Perovskia atriplicifolia is the botanical name of Russian sage. It is a deciduous perennial with upright, grayish white stems and lobed, deeply notched silvery-grey leaves 5 cm long and 2.5 cm wide.
Older stems are woody at the base, and younger stems are herbaceous and square in cross section. The stems and leaves give off a pungent odor when crushed or bruised. In late summer and fall, Russian sage produces spires of small, tubular flowers of blue or lavender color. These spires may grow up to 30 cm long, and last up to two or three months. Russian sage grows in a clump, up to 1.5 m tall with a spread of up to 60 cm, although cultivars may be smaller. It is considered a sub-shrub.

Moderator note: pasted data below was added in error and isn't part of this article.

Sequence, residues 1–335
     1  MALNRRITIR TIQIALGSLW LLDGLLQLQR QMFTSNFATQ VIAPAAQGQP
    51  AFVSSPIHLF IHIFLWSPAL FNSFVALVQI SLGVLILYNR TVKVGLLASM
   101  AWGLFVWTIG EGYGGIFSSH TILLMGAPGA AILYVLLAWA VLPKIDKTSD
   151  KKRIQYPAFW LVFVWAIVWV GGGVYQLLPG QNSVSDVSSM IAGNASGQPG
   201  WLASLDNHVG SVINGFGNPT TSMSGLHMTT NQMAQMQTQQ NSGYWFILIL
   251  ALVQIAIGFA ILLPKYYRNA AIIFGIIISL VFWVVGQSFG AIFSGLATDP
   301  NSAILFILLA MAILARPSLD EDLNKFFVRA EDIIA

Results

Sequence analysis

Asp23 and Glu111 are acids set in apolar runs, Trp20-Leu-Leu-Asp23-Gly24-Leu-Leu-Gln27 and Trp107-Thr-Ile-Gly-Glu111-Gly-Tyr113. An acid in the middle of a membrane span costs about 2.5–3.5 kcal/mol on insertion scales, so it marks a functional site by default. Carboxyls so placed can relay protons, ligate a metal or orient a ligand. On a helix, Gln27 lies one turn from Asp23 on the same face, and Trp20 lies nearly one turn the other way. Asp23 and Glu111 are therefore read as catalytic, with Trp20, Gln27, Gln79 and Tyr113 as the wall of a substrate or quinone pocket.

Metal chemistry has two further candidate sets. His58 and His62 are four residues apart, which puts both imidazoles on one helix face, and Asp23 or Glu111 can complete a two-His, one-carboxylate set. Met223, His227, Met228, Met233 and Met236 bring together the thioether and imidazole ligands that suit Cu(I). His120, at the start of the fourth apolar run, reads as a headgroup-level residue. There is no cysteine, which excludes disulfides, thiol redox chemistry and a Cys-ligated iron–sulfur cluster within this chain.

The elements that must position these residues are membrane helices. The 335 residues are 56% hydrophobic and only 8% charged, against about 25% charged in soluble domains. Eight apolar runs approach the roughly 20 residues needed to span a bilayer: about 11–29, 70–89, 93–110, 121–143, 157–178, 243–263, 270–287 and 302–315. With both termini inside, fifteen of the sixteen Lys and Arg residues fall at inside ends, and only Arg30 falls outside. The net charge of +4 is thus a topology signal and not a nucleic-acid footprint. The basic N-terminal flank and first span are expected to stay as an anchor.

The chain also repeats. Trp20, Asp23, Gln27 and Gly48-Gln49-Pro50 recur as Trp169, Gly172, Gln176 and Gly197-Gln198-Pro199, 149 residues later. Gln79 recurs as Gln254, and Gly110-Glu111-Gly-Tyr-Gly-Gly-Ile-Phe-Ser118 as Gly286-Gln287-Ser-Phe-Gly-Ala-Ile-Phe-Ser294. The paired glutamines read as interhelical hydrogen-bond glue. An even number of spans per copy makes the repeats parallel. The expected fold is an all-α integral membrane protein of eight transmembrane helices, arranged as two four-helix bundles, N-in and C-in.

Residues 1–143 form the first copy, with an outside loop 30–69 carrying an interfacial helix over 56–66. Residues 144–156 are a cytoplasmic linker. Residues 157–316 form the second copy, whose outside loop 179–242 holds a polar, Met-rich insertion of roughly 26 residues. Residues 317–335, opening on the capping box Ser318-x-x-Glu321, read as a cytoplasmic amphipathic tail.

It requires full sun, but is hardy and cold tolerant. It is also tolerant of dry, chalky soils with a high pH, salt tolerant and drought tolerant.